A new report on the future of K-12 assessment practice in international schools highlights the changes many international schools are currently making.
The Future of Assessment Report published by ISC Research shares detailed case studies from a breadth of international schools to demonstrate the different stages schools are at and the challenges schools are facing. School size, internet bandwidth, and staff skills have significant influence on the progress international schools are able to make towards assessment change.
However, research conducted for the report suggests that many international schools are now implementing formative assessment to inform and adapt their teaching and learning, rather than waiting for the results of summative assessment. Some schools have taken this further and are now assessing the whole child, gathering data on attendance, wellbeing, attitudes to learning, development of soft skills, and participation in extra-curricular activities as well as learning progress, to identify the factors affecting learning for an individual student.
Digital tools for assessment
The development of effective tech solutions, and the notable advancement of technology skills by educators as a result of online learning during the COVID pandemic, has accelerated a move towards rigorous personalised learning informed by holistic assessment. Of the international schools that participated in the research, 73% now use digital platforms to support internal assessment.
A wide range of digital resources that contribute to formative assessment are valued by international schools, with Google Classroom, Microsoft Teams, SeeSaw, Kahoot! and ManageBac most often cited by schools in the research. However, the report includes several requests from educators to edtech developers. Meenakshi Kilpady, Principal of Dr Sarvepalli Radhakrishnan International School in Malad, India said, “there’s a lot of work going on from [edtech] companies, but the development needs to be able to adjust to the requirements of every school; sometimes the flexibility is not there.”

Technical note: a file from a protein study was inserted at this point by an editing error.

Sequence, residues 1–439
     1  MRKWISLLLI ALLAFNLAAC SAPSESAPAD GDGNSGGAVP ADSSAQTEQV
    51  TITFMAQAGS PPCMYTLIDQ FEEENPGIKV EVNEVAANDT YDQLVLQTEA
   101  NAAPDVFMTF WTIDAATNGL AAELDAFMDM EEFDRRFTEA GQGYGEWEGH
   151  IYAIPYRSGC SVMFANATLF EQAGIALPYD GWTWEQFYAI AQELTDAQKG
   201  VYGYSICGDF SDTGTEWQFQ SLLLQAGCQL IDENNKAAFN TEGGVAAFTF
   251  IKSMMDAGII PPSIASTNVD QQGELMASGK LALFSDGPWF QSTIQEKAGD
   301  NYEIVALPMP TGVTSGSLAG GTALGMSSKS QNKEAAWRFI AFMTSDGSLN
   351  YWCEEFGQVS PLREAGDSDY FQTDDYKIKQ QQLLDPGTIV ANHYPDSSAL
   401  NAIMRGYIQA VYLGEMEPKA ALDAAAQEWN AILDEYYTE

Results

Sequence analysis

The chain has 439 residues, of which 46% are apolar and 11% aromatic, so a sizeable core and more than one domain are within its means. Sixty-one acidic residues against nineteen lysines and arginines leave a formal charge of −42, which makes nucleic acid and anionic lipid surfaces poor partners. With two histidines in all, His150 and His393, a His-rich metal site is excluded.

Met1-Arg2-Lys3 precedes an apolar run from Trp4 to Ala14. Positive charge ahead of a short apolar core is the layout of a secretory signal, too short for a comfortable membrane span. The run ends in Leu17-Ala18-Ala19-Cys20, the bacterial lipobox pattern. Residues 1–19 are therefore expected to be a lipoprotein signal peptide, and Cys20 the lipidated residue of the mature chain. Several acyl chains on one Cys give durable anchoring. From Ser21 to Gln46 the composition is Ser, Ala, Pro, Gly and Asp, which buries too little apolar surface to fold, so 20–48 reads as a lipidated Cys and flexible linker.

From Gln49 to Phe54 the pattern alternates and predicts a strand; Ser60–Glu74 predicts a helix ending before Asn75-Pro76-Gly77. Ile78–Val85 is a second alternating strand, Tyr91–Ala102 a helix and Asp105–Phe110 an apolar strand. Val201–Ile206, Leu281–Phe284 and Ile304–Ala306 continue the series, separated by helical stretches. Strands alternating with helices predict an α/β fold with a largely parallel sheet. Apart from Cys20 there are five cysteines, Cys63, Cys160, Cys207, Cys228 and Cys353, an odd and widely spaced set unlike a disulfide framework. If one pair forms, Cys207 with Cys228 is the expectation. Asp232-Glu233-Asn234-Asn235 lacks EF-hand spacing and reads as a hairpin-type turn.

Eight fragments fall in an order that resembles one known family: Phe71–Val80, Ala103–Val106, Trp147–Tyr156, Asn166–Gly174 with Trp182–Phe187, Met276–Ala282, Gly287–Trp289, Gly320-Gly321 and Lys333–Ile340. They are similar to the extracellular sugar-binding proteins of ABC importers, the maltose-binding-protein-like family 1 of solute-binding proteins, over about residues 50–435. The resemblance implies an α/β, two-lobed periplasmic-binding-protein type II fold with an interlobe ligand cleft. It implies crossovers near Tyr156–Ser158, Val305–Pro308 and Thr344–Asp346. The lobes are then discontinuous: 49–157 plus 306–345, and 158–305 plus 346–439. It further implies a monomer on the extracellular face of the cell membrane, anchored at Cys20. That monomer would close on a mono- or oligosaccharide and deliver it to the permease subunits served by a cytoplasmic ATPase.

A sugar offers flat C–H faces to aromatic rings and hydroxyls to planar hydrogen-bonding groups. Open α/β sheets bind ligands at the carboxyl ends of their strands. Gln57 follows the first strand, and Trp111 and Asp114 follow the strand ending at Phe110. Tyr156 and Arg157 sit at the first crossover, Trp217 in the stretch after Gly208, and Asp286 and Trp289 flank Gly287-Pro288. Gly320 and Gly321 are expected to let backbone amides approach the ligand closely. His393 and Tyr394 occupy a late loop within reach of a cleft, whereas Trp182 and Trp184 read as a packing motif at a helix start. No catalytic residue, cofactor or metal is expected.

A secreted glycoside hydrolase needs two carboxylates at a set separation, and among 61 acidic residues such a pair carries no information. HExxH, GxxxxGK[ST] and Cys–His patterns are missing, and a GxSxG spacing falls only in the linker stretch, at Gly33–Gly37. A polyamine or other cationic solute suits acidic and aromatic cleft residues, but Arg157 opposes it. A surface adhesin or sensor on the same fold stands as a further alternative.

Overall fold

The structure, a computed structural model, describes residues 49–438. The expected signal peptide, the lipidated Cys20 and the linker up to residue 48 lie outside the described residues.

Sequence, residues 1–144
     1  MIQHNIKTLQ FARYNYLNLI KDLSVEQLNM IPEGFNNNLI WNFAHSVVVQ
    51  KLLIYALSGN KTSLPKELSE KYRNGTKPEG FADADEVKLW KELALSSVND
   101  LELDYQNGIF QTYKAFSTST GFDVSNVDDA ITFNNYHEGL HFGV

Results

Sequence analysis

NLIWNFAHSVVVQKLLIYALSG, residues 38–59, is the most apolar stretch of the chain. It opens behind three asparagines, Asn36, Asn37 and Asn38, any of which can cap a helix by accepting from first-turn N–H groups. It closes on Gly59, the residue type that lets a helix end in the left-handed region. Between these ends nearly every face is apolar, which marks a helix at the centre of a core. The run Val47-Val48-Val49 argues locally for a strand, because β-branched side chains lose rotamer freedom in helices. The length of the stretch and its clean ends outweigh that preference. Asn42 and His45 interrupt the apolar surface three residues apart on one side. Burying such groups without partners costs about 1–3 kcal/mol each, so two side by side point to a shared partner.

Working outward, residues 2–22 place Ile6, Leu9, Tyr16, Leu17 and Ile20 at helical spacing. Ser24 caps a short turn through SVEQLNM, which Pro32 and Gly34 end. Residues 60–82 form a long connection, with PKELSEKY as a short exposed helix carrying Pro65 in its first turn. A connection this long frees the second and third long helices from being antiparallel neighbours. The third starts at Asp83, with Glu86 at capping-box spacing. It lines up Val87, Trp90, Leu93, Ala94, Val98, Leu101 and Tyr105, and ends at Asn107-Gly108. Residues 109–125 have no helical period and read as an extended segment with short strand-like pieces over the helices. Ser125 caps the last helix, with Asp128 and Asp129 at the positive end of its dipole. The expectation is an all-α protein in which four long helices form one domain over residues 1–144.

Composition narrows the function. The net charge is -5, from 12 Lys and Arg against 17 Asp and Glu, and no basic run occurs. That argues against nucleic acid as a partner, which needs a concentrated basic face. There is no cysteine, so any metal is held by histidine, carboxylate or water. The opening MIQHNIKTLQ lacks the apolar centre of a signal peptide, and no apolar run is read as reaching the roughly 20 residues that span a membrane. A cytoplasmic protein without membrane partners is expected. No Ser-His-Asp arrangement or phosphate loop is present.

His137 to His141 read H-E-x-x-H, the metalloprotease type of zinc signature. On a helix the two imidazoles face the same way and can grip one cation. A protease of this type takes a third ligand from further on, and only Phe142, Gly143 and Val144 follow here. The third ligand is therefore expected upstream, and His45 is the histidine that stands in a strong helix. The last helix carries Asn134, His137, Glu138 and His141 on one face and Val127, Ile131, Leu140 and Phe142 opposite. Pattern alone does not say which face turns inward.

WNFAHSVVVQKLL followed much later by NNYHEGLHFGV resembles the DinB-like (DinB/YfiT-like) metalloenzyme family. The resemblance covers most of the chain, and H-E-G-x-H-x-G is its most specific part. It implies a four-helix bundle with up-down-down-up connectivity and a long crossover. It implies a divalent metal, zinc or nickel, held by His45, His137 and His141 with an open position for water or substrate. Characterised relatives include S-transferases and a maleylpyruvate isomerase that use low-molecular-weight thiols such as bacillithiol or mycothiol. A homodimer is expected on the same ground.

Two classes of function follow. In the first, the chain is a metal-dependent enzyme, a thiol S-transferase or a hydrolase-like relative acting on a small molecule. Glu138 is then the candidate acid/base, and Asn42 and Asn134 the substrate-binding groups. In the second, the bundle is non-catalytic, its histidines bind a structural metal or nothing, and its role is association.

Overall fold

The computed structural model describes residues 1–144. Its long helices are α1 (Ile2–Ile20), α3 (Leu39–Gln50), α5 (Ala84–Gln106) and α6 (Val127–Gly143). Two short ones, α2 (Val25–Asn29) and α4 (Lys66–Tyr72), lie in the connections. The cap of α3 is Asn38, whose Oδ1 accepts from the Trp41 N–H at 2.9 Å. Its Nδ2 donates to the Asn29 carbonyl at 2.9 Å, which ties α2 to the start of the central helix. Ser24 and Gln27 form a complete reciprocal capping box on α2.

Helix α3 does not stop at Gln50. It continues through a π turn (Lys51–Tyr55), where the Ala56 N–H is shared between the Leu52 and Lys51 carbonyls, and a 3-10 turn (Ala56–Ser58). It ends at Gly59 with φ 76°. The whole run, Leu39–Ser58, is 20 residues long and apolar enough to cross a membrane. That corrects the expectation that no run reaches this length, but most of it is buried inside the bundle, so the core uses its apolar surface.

Matt Koster-Marcon, CEO of digital assessment resource provider, Learning Ladders Education offered important insight from a perspective as both a tech developer and former teacher. He emphasised that technology must not be seen as the answer to assessment, but rather a tool to support the future of assessment: “Assessment is the beginning of [a] conversation. It should be an interaction between humans,” he said.
Advice for assessment change
Several educational consultants who support multiple international schools were interviewed for the report and shared their advice.
- Variety in assessment methods: “Don’t be restricted by exams and standardised tests,” said consultant Graeme Scott. “Use a range of assessment methods to allow different types of learners to demonstrate their range of abilities. Assess for understanding, and for the transfer of knowledge, skills, and understandings into situations that students have not seen before; it’s a more authentic measure of ability,” he recommended.
- Reflect on current processes: Trainer and coach, Matthew Savage advised to “begin by doing an audit of success equity and wellbeing equity. This can be a very uncomfortable experience because, invariably, what schools find is that access to visible success and positive wellbeing is not equitably distributed; it can be shockingly inequitable.” But, he said, “conducting that interrogation is a really important start”
- Focus on student engagement: More assessment advice was shared in a podcast supplementing the report that featured Matthew as well as international school leaders Ben Marsh, Director of the International School of Myanmar, and Gabriel Ernesto Abad Fernández, Head of United World College Dilijan in Armenia whose schools are both case studied within the report. “We’re trying to see how we can measure engagement, not necessarily outcomes,” said Gabriel in the podcast, who also talked about an alternative assessment model for the IB Diploma that UWC and the IB are currently working on.
- Present data in an accessible way: Ben described the assessment strategy that his school is taking, explaining that technology has been paramount to achieve this. “Now we have students who have their own dashboards; they can go in and they can look at their own data. Our teachers can look at cohorts. We can look at schoolwide data. I can’t imagine moving [assessment] forward without using technology,” he said.